Charron and 23 other URI students, are part of a quilting bee, sitting around a table in URI’s Multicultural Center putting finishing touches on their squares and assembling them into a colorfully diverse quilt.
The quilt is part of the class, Black Women in America: From Colonial Times to the Present, taught by Rae Ferguson, assistant professor in URI’s History Department. “I always try to interject interactive projects into my classes,” she says. “It changes the dynamic and creates a better understanding of the topic.”
Quilting was common in slave quarters, the history professor says. Men, as well as, women would quilt at night while their children held lanterns up for light.
African-American quilting is much different than European, explains Ferguson, noting that African-American quilts are created in a similar way that jazz gets created. The quilt is often used as a metaphor. Each square represents individuality, suggesting that a person’s centering comes from the inside rather than the outside. Only in stitching the quilt squares together does the whole come out of different roles. The quilt, thereby, leaves room for diversity.
This differs from European quilting where the design of the quilt is established beforehand and then imposed onto the fabric.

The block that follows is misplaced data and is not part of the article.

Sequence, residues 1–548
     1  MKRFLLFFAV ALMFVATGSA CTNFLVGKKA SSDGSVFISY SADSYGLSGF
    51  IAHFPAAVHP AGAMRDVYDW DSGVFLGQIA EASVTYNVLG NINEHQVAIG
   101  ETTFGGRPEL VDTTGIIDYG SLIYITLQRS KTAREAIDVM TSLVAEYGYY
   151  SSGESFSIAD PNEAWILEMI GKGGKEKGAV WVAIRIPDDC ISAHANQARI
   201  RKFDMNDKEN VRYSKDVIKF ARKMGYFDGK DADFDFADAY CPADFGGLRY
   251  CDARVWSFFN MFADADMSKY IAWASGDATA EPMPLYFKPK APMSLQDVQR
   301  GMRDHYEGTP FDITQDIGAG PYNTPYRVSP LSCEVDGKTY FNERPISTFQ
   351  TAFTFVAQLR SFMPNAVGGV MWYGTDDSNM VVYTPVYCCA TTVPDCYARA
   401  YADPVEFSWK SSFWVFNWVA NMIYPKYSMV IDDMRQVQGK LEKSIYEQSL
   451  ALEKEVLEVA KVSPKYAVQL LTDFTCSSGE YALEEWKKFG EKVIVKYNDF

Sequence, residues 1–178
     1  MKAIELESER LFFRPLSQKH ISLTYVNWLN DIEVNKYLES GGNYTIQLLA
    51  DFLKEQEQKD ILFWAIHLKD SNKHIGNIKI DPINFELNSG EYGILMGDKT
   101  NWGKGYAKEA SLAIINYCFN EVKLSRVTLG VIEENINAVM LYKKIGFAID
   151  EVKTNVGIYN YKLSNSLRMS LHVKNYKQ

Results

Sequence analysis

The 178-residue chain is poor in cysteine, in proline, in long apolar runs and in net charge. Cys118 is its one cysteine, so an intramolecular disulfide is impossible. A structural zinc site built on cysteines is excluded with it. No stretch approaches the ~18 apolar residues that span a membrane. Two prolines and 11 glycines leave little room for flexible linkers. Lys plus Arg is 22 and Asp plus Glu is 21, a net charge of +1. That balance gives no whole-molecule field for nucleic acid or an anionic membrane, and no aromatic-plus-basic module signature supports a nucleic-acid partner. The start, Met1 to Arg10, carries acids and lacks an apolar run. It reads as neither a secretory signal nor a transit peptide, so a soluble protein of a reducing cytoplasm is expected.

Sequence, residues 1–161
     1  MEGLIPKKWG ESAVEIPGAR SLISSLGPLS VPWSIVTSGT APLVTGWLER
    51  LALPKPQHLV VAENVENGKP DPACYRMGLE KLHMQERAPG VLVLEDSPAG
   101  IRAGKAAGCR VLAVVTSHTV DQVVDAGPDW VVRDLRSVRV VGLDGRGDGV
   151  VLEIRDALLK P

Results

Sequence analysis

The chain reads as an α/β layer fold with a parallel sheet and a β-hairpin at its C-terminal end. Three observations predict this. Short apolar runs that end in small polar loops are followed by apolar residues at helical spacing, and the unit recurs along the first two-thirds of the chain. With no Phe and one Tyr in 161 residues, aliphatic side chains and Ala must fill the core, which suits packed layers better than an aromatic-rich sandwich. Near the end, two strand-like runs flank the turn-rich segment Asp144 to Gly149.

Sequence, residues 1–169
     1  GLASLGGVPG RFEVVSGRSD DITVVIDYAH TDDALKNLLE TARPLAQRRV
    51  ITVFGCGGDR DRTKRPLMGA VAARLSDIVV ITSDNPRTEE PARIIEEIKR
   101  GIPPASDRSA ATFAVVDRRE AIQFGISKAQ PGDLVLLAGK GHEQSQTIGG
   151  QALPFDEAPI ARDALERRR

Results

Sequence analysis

Ferguson, a musician and crafter, required that each of her students create one quilt square, representing either a black woman, event, scene or idea they found interesting from their readings. A paper explaining the choice is also required.
“When I announced that the last four weeks of class would involve quilting, some of my male students rolled their eyes,” recalls Ferguson with a laugh.
“I’m a natural as it turns out,” says quilter Paul Roy of Warwick, wearing a wide smile and a baseball cap backwards. Roy created a square with the words “Respect” and “Think” in tribute to Aretha Franklin. The words are timeless messages, he says.
Dave Morris of Woonsocket drew the American flag, the symbol for woman, and the words, “We, too, Sing America,” playing off “I, too, Sing America,” the poem Langston Hughes made famous. The URI senior said he created his square to remind people that black women’s contribution to history has been either misrepresented or lost.
Andrea Relator from East Greenwich devoted her square to jazz singer Billie Holiday. Written on the square are two of Holiday’s songs: “Strange Fruit,” which referred to lynching of blacks going on at the time in the Deep South, and “Good Morning Heartache.” Relator said quilting gave her an opportunity to explore Holiday’s contribution in an innovative way.
Charron is looking almost satisfied at his fenced railroad tracks. He picked the subject of the Underground Railroad for his square mainly because as a kid he had always pictured a train running underground and wondered how that worked. Now, of course, he realizes that the words represent an historical network of people and safe houses that helped slaves escape to freedom. “I love this class,” says the political science and history major. “This is the second class I’ve had with Professor Ferguson. The classes aren’t conventional. You know there’s a saying that says there’s always a course or a professor you’ll remember after you leave college. This will be the one for me.”
For Information: Jan Wenzel, 874-2116